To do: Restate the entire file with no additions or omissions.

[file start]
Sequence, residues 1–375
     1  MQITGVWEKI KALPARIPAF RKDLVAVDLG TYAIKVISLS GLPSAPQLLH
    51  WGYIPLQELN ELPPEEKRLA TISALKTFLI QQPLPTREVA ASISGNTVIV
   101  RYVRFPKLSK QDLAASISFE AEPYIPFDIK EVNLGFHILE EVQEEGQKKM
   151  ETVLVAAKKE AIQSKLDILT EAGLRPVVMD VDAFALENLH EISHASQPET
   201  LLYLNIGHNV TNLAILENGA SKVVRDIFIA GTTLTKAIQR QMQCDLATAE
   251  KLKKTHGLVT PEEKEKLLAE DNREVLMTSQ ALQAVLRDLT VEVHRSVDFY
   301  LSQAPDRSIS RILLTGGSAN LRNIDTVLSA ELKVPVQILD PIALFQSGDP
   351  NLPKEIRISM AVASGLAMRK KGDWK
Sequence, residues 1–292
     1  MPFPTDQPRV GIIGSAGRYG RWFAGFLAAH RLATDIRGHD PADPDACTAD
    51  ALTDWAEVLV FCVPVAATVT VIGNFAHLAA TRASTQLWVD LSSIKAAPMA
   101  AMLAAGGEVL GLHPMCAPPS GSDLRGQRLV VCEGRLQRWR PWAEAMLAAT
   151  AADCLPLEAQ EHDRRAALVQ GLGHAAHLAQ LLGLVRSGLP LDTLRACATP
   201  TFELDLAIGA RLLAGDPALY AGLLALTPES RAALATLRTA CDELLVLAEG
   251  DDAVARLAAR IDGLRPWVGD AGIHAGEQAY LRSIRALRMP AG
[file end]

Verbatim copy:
Sequence, residues 1–375
     1  MQITGVWEKI KALPARIPAF RKDLVAVDLG TYAIKVISLS GLPSAPQLLH
    51  WGYIPLQELN ELPPEEKRLA TISALKTFLI QQPLPTREVA ASISGNTVIV
   101  RYVRFPKLSK QDLAASISFE AEPYIPFDIK EVNLGFHILE EVQEEGQKKM
   151  ETVLVAAKKE AIQSKLDILT EAGLRPVVMD VDAFALENLH EISHASQPET
   201  LLYLNIGHNV TNLAILENGA SKVVRDIFIA GTTLTKAIQR QMQCDLATAE
   251  KLKKTHGLVT PEEKEKLLAE DNREVLMTSQ ALQAVLRDLT VEVHRSVDFY
   301  LSQAPDRSIS RILLTGGSAN LRNIDTVLSA ELKVPVQILD PIALFQSGDP
   351  NLPKEIRISM AVASGLAMRK KGDWK
Sequence, residues 1–292
     1  MPFPTDQPRV GIIGSAGRYG RWFAGFLAAH RLATDIRGHD PADPDACTAD
    51  ALTDWAEVLV FCVPVAATVT VIGNFAHLAA TRASTQLWVD LSSIKAAPMA
   101  AMLAAGGEVL GLHPMCAPPS GSDLRGQRLV VCEGRLQRWR PWAEAMLAAT
   151  AADCLPLEAQ EHDRRAALVQ GLGHAAHLAQ LLGLVRSGLP LDTLRACATP
   201  TFELDLAIGA RLLAGDPALY AGLLALTPES RAALATLRTA CDELLVLAEG
   251  DDAVARLAAR IDGLRPWVGD AGIHAGEQAY LRSIRALRMP AG